SAB Makes Large Investment in Ambitious New Maltings Plant

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SAB Makes Large Investment in Ambitious New Maltings Plant

February 20
15:31 2013

Construction on the new plant will begin during the course of this year, and will produce 130 000 tonnes of malted barley a year once it is completed in 2015. It will allow SAB to reduce the amount of malted barley it imports, and to further its programme of developing the local agricultural sector by supporting small black farmers. Malted barley is a critical component in the brewing of beer.

New SAB MD Mauricio Leyva said the construction of the new plant was an important development for the company. “The new maltings plant will have significant cost saving and growth benefits for SAB. It makes good financial sense to undertake this investment. It will allow us to reduce our exposure to volatile international markets and replace a significant share of our imported malt and barley with local barley.”

SAB currently sources about 65% of its barley locally and, once the new maltings plant is up and running, this will potentially increase to between 90% and 95%.

“We have been looking at ways to locally source more of our agricultural raw materials, including barley, for some time, building on the work we have been doing with our Barley Breeding Programme and with local farmers to develop competitive local barley varieties. Additional barley trials have been undertaken in the North West and more recently with emerging farmers in Limpopo.”

Leyva said: “We will partner with leading suppliers to ensure an innovative and cost-efficient design using cutting-edge technology. We will also strive to ensure we maximise local industry involvement in the construction of the new plant in order to help develop the communities in which we operate.”

SAB executive chairman Norman Adami said the new plant was a win-win scenario and showed SAB’s clear commitment to working for South African society. “It will allow us to drive even higher local sourcing of barley which will, in turn, help drive the empowerment of small farmers in some of the most poverty stricken areas of SA.”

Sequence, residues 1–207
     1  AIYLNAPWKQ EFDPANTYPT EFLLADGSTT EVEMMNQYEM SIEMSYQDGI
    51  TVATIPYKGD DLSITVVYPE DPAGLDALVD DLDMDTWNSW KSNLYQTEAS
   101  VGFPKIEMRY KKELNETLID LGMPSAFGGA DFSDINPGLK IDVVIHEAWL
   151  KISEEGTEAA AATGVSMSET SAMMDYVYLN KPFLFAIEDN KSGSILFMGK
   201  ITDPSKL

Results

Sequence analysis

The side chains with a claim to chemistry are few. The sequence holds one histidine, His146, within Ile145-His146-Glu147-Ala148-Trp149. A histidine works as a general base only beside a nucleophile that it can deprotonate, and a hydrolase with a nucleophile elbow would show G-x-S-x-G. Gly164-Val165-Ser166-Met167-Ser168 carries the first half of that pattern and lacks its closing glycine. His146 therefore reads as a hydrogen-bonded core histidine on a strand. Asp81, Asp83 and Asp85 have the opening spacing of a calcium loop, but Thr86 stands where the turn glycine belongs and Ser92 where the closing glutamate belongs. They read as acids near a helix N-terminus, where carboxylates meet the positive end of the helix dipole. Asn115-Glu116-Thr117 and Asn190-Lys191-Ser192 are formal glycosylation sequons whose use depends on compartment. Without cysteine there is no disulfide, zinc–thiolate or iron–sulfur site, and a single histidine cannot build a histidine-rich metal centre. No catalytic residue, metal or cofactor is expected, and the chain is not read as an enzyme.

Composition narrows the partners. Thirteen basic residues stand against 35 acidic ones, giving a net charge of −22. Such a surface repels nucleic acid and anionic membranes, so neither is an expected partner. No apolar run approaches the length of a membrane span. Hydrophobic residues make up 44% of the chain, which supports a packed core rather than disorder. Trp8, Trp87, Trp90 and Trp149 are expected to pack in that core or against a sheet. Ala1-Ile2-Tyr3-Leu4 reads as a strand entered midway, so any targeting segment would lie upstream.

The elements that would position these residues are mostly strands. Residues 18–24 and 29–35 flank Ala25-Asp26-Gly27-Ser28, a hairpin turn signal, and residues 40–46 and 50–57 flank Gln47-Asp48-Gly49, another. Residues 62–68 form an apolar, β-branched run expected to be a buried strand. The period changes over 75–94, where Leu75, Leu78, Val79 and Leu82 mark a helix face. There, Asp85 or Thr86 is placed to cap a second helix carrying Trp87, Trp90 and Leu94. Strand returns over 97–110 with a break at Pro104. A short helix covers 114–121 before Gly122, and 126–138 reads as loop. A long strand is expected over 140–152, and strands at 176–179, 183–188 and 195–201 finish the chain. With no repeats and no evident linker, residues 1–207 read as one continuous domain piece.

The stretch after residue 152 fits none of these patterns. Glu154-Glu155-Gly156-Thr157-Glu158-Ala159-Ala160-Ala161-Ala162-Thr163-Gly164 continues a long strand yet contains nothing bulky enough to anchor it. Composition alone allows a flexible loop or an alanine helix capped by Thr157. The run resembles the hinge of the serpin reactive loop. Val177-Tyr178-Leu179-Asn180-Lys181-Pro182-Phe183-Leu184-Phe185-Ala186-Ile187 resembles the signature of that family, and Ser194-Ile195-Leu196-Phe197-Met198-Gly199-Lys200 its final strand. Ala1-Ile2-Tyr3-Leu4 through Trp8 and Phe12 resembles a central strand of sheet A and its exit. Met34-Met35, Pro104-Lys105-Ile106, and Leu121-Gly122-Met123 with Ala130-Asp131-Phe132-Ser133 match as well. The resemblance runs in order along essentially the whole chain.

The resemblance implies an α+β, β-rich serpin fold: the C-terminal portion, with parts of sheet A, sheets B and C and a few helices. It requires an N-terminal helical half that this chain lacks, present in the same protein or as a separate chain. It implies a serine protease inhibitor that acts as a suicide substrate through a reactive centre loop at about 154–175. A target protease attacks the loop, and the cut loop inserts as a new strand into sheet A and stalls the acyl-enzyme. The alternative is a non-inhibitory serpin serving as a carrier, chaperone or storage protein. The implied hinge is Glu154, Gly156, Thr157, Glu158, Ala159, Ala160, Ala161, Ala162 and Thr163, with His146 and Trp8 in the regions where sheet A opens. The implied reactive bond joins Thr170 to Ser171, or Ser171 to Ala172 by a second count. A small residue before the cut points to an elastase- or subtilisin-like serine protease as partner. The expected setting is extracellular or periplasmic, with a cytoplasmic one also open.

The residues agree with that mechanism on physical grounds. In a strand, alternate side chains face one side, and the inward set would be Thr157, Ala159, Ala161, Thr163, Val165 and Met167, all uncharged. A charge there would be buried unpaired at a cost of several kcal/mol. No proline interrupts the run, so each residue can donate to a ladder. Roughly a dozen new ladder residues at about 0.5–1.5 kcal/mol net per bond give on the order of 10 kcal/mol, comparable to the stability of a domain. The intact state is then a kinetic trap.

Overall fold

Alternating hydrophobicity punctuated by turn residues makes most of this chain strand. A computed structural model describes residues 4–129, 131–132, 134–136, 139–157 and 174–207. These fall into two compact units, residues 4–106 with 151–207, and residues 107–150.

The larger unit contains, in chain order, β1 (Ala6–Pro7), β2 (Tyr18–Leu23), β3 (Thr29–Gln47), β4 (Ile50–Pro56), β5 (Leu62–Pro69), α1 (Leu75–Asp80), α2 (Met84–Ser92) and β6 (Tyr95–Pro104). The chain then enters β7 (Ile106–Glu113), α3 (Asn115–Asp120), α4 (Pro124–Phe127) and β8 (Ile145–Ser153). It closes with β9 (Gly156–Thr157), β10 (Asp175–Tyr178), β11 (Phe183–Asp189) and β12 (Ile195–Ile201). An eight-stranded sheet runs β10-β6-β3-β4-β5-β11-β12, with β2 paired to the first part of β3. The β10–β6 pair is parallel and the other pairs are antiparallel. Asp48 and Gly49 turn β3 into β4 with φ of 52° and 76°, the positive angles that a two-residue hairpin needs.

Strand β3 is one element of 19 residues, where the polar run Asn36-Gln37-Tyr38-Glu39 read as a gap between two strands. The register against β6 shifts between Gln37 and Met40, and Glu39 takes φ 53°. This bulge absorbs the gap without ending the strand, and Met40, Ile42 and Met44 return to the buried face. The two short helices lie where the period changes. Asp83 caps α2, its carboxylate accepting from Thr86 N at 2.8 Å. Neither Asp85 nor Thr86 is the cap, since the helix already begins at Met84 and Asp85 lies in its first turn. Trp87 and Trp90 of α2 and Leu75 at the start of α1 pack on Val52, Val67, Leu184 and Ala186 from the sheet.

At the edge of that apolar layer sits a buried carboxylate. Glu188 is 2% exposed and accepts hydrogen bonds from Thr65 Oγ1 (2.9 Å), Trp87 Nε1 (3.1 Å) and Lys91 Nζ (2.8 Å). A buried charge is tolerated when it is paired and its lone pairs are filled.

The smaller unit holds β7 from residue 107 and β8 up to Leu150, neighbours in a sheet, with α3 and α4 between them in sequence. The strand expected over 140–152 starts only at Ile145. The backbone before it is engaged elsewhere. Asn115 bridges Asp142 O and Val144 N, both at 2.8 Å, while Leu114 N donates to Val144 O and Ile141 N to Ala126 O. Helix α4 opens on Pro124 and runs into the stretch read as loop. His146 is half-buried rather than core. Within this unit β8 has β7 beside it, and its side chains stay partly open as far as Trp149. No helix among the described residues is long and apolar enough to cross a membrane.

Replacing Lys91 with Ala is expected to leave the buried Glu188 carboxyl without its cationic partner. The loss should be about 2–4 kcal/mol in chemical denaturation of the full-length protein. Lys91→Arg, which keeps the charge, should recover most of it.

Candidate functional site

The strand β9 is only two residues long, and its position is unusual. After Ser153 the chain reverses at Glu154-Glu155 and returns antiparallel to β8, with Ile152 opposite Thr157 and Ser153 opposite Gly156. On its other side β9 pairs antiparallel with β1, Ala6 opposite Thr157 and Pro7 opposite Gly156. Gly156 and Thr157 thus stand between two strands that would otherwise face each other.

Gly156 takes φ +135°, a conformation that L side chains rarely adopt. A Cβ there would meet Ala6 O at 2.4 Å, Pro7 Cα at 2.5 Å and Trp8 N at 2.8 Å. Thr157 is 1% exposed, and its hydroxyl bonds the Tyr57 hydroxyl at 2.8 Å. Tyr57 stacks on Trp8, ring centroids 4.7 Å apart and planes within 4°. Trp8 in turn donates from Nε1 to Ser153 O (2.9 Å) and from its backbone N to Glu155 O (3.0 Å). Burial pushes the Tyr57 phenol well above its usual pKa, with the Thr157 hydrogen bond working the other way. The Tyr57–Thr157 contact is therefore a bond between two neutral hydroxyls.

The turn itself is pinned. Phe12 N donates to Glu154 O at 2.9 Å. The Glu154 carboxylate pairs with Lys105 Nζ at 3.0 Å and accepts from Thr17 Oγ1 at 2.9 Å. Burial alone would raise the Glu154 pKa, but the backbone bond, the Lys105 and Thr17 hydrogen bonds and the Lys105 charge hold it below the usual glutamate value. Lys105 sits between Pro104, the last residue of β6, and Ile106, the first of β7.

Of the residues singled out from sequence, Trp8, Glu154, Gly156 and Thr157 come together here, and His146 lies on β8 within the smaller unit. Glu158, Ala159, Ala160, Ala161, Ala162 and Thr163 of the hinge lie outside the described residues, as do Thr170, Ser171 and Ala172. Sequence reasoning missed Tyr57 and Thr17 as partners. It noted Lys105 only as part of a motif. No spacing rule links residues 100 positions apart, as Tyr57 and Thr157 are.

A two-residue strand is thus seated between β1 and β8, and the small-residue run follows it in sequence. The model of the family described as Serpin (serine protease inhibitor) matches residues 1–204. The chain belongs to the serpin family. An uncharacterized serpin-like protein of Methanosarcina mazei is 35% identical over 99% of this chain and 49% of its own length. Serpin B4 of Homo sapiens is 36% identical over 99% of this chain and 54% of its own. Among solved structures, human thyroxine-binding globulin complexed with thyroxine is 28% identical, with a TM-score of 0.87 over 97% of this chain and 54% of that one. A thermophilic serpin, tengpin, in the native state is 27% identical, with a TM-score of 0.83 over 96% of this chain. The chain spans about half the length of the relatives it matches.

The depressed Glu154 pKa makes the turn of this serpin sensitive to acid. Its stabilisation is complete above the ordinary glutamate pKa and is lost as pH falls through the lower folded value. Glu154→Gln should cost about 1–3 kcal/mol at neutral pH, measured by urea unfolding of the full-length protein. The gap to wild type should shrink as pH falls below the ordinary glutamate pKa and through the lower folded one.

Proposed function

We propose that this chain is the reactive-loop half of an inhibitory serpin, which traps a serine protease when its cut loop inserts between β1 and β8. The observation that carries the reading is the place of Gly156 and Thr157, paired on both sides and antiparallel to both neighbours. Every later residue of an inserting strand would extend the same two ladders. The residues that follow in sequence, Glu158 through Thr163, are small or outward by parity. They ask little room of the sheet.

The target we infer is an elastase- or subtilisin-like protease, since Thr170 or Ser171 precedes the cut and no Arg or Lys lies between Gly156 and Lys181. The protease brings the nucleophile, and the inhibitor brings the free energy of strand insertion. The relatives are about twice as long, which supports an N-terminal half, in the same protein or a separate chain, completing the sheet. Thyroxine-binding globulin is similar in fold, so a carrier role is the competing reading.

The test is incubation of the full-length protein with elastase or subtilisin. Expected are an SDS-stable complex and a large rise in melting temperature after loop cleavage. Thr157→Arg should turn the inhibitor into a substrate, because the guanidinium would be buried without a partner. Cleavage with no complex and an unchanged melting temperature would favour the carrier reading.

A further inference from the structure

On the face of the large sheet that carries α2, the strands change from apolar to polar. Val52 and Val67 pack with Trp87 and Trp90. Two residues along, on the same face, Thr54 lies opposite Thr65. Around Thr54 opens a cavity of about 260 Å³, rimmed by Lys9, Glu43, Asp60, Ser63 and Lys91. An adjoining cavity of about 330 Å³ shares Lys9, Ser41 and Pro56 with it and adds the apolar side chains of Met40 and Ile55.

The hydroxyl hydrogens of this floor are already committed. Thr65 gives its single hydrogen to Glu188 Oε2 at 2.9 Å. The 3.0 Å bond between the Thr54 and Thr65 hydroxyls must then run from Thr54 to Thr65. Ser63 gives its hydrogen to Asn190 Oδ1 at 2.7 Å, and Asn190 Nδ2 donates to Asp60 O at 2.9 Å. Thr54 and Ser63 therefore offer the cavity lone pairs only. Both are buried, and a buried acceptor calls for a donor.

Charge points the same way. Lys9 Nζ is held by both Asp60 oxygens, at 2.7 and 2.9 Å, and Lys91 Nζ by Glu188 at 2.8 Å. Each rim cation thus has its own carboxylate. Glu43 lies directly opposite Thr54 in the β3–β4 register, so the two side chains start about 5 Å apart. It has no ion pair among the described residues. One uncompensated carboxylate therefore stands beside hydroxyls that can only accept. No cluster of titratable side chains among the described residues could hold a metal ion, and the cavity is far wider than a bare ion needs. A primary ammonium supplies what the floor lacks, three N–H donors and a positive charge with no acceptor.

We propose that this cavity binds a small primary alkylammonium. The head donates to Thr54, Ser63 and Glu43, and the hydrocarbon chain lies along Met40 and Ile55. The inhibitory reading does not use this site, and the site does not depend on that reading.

The maltings plant will be built next to the existing Alrode brewery, with the land having already been secured and geotechnical trials currently under way. Construction on the new plant will begin once the land ownership transfer has taken place, which is expected during the middle of this year.

SAB currently has two malting plants, one at Caledon in the Western Cape which malts about 180 000 tonnes of barley a year and an existing plant at Alrode which malts about 40 000 tonnes a year. The existing Alrode plant is about 40 years old and coming towards the end of its economic life. It will be decommissioned once the new plant is fully operational.

SAB’s annual spend on raw agricultural materials in South Africa is about R2-billion. Each year, SAB buys more than 1,8-million tons of barley, GMO-Free maize, hops, apples and grapes. A consistent supply of raw materials is critical to the company, which supplies millions of people each year with their preferred drink, be it beer or soft drinks.

To ensure a secure, diversified and sustainable supply chain, SAB is committed to local procurement and agricultural development by supporting small-scale and emerging black farmers, and supports several projects such as the barley and GMO-free maize farmers in Taung in the North West and the farming of GMO-free yellow maize by local farmers in KwaZulu-Natal.

More than 90% of SAB’s total purchases are purchased from South African Companies, and this investment will take SAB’s local procurement spend to between 93% – 95%.

SAB’s involvement with malting begin with the construction of a malting plant at the company’s Isando Brewery in the late 1950’s, resulting in increased involvement in local malting barley development programmes.

The 1970’s marked SAB’s first serious attempt to move local production of malting barley towards a degree of self-sufficiency. In 1972, SAB acquired Nasionale Mout’s sorghum plant at Alrode and converted it into a barley plant, quadrupling its processing capacity in 1978.

Caledon Maltings is the biggest malting facility in the southern hemisphere, with an annual capacity of 180 000 tonnes of malt.

Malted barley is barley that has been allowed to germinate to a degree and then is dried. This is done by soaking the barley seeds in water for several days to allow it to germinate and sprout. The germination process is stopped after about five days by fanning the grains with hot, dry air in a kiln. The roots are removed and the malt cools down and is allowed to rest for about three weeks, after which it is ready for brewing.

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